Mr. Hanson: Yes. It is falling apart. But why is it falling apart? It’s falling apart because of this global veneer of popular culture, the Internet, TikTok, Facebook, common music, and everybody all over the world watching a Super Bowl halftime.
It has created this veneer that we’re all on the same page, and we just don’t need it. There’s no need for it. We’re all in the global world community. But that’s not true. It’s really just a veneer.
Nationalism is still there. Ethnic, racial, religious divides are still there. You need some type of coercive power, not to get into their internal affairs, but to tell the Somali pirates, “If you send in a rocket and take out a tanker, we’re going to blow up your base.
And that’s what the United States Navy did. But we don’t think that you need that anymore. On the one hand, that’s being naive. On the other hand, Trump, Obama, and Biden for various reasons said, “We’re not going to do that anymore. All of them together have a larger aggregate GDP than we do. They don’t contribute.”
We can’t get Australia and Japan and Taiwan and South Korea on the same page to check Chinese aggression. China, in that void, is the new power.
China is going to control all the major choke points of the world. One day it is going to run Egypt’s Suez Canal. It’s going to run the Panama Canal like it does, only in their interest. It’s going to run a lot of the South China Sea from the Spratly Islands. It has been so advanced and confident in that agenda, that to stop it now would require a major war.
So the United States looks around and says, “Not us.” And that’s what the problem is. The irony is that actually, in all of the historical barometers of strength, the United States is superior.
We only have 330 million people. China has 1.4 billion. So they have almost five times our population and their GDP is smaller. In crude terms, that means one Chinese citizen is not producing as much goods. One American citizen is producing five times the goods and services of a Chinese citizen, in that way of thinking.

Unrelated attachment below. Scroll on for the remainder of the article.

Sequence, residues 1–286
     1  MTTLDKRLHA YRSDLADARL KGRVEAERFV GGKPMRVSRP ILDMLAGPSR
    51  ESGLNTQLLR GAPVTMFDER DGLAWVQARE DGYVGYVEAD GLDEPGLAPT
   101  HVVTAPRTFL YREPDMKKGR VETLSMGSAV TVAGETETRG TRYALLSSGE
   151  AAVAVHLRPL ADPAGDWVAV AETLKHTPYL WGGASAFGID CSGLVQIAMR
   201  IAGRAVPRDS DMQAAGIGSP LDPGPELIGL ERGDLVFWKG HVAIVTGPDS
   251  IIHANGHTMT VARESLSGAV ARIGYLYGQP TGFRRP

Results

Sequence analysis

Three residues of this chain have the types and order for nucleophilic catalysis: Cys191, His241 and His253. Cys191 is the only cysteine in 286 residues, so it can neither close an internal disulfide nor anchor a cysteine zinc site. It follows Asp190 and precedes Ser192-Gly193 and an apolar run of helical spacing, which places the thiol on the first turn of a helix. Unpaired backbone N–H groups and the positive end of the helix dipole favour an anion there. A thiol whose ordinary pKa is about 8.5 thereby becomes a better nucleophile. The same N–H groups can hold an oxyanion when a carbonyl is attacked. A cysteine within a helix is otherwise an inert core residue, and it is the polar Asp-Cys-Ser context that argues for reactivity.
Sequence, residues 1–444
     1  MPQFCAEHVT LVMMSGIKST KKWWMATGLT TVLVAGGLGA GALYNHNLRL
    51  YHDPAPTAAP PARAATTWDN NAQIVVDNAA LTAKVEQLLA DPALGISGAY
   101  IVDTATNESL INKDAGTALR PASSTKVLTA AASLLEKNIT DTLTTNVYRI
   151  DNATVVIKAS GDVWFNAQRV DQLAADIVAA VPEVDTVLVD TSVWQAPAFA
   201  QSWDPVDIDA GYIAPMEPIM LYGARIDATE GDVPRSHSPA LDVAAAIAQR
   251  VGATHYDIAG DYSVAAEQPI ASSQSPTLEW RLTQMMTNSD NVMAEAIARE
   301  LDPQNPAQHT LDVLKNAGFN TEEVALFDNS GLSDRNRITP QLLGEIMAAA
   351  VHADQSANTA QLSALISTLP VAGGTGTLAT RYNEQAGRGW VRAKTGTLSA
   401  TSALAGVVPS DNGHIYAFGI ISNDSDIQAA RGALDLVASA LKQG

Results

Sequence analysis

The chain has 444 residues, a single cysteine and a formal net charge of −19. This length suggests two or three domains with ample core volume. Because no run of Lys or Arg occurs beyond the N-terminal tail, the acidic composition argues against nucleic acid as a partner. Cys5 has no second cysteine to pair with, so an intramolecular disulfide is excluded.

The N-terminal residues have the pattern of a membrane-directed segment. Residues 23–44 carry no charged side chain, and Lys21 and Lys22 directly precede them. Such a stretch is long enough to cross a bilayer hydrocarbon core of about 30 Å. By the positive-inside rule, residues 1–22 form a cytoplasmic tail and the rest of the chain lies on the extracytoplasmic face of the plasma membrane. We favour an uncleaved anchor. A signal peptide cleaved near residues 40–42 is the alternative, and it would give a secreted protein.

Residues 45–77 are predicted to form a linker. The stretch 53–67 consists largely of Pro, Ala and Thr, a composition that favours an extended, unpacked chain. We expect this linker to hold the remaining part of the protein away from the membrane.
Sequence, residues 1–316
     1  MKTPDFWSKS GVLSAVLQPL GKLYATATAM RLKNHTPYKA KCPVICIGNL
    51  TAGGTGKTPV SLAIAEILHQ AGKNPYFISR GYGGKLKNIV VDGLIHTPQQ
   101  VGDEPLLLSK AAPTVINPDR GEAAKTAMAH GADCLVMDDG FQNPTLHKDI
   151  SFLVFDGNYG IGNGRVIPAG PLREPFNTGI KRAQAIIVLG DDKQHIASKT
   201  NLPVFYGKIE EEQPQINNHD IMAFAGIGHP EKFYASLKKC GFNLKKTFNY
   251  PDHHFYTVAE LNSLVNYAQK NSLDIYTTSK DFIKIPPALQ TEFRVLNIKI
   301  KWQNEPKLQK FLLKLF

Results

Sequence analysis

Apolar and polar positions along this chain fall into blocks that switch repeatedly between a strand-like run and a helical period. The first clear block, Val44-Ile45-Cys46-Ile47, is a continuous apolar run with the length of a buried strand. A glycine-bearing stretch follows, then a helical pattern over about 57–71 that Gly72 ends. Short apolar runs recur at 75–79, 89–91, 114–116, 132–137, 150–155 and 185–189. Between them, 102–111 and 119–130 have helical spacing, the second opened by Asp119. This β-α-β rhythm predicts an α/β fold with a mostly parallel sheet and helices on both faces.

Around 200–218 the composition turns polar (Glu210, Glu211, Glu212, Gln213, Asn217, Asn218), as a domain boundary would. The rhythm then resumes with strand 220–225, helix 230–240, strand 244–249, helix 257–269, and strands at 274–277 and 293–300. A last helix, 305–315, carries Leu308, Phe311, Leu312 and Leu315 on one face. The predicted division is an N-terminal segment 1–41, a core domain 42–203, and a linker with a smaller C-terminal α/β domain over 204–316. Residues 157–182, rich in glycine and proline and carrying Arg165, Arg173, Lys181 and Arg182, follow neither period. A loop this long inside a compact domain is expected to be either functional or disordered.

In the Japanese or British education surveys of the top 100, top 50, top 20 major universities that are not based on the English department or the gender studies or computer engineering, mathematics, physics, it’s still all American at the top. It’s about 17 out of 20.
Caltech is usually number one, or MIT, Harvard, Stanford. California has more top-ranked universities in the top 25 than any other nation in the world, except the U.S. You look at fuel, natural gas. That’s what a society is. It’s education, it’s the fuel that keeps people moving.
We were the largest producer of gas and oil in the world until two years ago. Food, we’re the most efficient. China may produce a little bit more, but we’re the most efficient food producer in the world.
So it’s education, food, fuel, and defense. For all of the wokeness, the inefficiency, the corporate revolving door of retired generals, the corruption in the Pentagon, we still have the largest military in the world. We’re the oldest democracy, or constitutional republic, whatever you choose to call it, in existence right now.
By every imagined barometer of national strength, we should be stronger than we’ve ever been, but we’re not. That’s because of this woke postmodern anti-American fringe, that was always necessary to remind us not to be too cocky. It was always in a minority role, not by race or gender, but by ideology, saying, “Don’t get too cocky here.” There was some value in that. Now it is the dominant narrative. It’s defeatism, cannibalism, suicidal impulse, nihilism, and that can destroy an empire, and can destroy a great nation.
We were never an empire, but it’s destroying us. We have to have leaders who say, “We don’t have to be perfect to be good. We just need to be better than all the alternatives. We’re not going to fall down and ask for forgiveness because we’re not utopia, heaven on earth.
That’s what the Left has done to us. It has a history of doing that to countries, whether Cuba or China or Russia or Venezuela. It can be insidious.
Mr. Jekielek: Let’s just jump back to the bigger picture. As we finish up here, please put on your historian hat again. Today has been compared to what prompted World War I, and what prompted World War II. We’ve talked about that in this interview already, but what analogies do you see to past history?
Mr. Hanson: People cite World War I and World War II for a couple of reasons. In World War I, it was Serbia, an area that is located in between realms of influence.
There was the Russian Empire and it was Orthodox. Then there was the Austro-Hungarian empire that was Central European and Catholic-Protestant. Serbia was right in between and wanted to be free from Austria-Hungary.